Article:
ZZ plants are incredibly popular all over the world because of a few reasons. First up, the florae are exceptionally resilient.
They can go for almost a month without a drop of water. Besides that, they have broad, shiny, bright green leaves.
That’s why ZZ plants can add a cozy, welcoming air to any space. Yet, just like all other plants, this variety has its fair share of issues.
For instance, the plants’ roots are prone to rotting. So, if you’re wondering why that happens, you’ve come to the right place.
In this article, I’ll walk you through everything you need to know about ZZ plant root rot. I’ll also cover what you can do to resolve the issue.
Root rot is a common issue that can affect most plant species. As you can guess by the name, this condition involves the roots of a plant rotting underground.
There are a couple of culprits that may be behind the problem.
For starters, the cause behind root rot is usually over-watering. If the moisture level of the soil is too high, the roots and rhizomes will begin to soften.
Over time, this will impact the structures’ ability to absorb oxygen from the soil. This, in turn, will lead to the entire plant fading away.
Moving on, root rot may be a result of a fungal infection. Certain types of microorganisms can live in soil for years without detection.
Then, as soon as roots start sprouting through the medium, the fungi will spring into action. It’ll attack the structures and break them down.
Now that you know what root rot is, I can tell you how to identify it. Unfortunately, most of the early symptoms of the issue occur under the soil.
That means you won’t be able to detect the disease straight away. Instead, you’ll notice changes in the leaves of ZZ plants.
At first, the foliage will slightly wilt and lose shape. Then, over time, the leaves will turn a sickly yellow-green.
Other than that, the fungal infection may spread to the stems. In that case, they’ll deform and bend out of shape.
Plus, the disease can cause stunted growth. So, your ZZ plants won’t be able to grow new leaves.
Lastly, root rot is a type of mold. Because of that, it can give off a musty scent that’s difficult to ignore.
Although by the time the smell is noticeable, the infection may have spread over the entire plant. This will make saving the florae a bit of a chore.
At this point, you should know what root rot is and how to identify it. So, I can move on to how to resolve the issue.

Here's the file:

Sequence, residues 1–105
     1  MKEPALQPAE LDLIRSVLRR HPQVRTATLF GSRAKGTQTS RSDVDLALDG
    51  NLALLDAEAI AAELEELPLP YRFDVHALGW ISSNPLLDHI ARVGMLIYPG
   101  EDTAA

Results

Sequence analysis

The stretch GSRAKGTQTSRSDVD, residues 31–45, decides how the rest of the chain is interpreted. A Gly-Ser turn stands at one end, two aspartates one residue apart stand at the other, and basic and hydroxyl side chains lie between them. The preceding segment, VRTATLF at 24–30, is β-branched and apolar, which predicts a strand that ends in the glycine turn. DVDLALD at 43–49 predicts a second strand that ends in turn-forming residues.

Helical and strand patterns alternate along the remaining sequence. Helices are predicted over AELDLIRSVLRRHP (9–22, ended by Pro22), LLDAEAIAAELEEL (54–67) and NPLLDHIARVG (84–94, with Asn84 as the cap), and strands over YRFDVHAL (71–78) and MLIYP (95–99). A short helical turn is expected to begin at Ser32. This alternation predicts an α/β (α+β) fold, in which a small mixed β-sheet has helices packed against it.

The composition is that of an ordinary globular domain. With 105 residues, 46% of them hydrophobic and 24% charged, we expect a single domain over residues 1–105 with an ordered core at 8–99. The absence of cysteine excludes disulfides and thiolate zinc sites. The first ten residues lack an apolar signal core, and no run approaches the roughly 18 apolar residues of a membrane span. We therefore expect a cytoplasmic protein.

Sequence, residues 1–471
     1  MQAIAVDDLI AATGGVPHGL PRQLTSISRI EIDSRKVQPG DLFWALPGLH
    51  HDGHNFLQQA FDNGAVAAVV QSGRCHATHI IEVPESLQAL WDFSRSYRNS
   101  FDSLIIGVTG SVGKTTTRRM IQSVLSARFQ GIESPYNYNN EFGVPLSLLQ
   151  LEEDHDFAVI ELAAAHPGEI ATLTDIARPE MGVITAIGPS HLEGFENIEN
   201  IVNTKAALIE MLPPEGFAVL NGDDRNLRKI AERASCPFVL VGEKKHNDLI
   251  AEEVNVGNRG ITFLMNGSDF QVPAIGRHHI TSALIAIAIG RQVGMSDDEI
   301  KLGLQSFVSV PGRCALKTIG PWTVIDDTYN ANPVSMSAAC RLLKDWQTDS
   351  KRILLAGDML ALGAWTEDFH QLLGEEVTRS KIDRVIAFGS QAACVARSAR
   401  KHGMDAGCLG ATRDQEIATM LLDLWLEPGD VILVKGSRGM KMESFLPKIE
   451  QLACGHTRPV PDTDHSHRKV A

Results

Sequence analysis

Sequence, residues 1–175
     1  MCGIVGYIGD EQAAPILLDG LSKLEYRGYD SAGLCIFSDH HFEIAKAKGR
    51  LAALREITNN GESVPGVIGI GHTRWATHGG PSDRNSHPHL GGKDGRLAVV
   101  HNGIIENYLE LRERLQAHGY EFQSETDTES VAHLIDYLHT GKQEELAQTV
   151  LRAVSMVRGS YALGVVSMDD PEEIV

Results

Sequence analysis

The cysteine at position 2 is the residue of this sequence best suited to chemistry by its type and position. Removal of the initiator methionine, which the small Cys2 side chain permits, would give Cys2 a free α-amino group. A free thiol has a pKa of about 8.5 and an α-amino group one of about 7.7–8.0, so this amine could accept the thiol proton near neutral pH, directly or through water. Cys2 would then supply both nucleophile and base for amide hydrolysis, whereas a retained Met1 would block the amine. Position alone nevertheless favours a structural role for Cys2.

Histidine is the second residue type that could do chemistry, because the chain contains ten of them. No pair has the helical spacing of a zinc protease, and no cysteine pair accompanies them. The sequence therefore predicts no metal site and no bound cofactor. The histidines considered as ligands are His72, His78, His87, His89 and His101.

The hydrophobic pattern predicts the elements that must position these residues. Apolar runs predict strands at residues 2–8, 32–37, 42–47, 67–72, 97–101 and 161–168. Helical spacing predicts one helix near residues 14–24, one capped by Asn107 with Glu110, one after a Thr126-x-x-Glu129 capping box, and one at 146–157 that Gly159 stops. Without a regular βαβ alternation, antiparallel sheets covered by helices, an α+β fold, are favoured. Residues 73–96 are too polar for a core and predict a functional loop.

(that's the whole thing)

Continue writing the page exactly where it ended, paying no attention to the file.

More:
In this section, I’ll go over how to get rid of the rot, step-by-step.
The first thing you’ll want to do is examine the roots of your ZZ plants. This will allow you to gauge the extent of the fungal infection.
Thankfully, this part of the process is exceptionally simple. All you have to do is depot your plants.
Although, you should be careful while you do that. Since the rot will soften the roots, it’ll be easy to damage the structures.
So, you have to remove the plants from their containers gently. Make sure you don’t use excessive force or yank the ZZ out of the pot.
Instead, scoop out the top layer of soil with a garden shovel first. Then, flip over the planter and allow any excess growing medium to fall out.
After that, the roots should easily detach from the pot.
Once the roots are out of the pot, it’s time for the visual inspection. Start by giving the network a quick rinse.
This will wash off any soil that may still be on the roots. Then, take a minute to examine all parts of the root network.
Look for any soft or mushy structures. Plus, you can also keep an eye out for discoloration.
That’s because healthy roots are typically white. Yet, as they rot, they’ll turn slightly yellow.
It’s important to note that handling root rot with your bare hands can lead to rashes. So, to ensure your safety, it’s always best to wear gloves.
The only way to get rid of root rot is to cut it out. This will ensure that the infection doesn’t keep spreading around the plant.
So, you have to prune the damaged roots. For this part of the process, you’ll need sharp garden shears.
Grab the scissors and begin cutting out any rotting sections.
Take your time with this step and make sure you remove all diseased roots. Keep going even if you have to remove the majority of the root network.
That’s because, once a root starts rotting, there’s no going back. You can’t save the structures after they’ve gone mushy.
For that reason, cutting them out will give your ZZ plants the highest chances of survival.
Lastly, it may be best to prune the rest of the ZZ plant while you’re at it.
With all the rotting roots gone, you can repot the plant. Ideally, it’s best to use a new container for the flora.
Yet you may still use the old pot after a good scrubbing.
Place the container on a level surface and fill the bottom third with soil. Next, gently lower your plant into the pot.
Finally, fill in the rest of the container with the growing medium.
If you want to get rid of ZZ plant root rot, there are a few steps you can follow. Start out by identifying the issue.
After that, you can depot the plant to expose the roots. Then, check the network and examine the severity of the infection.
Once that’s done, prune the roots and remove any rotting structures. Finally, repot the plant in a new container with fresh soil.
Growing up with a mom who filled her home (inside and out) with all sorts of plants, Lisa got her start in gardening at a young age. Living now on her own with a home and yard full of plants (including an indoor greenhouse), she shares all the gardening tips she’s gained over the years.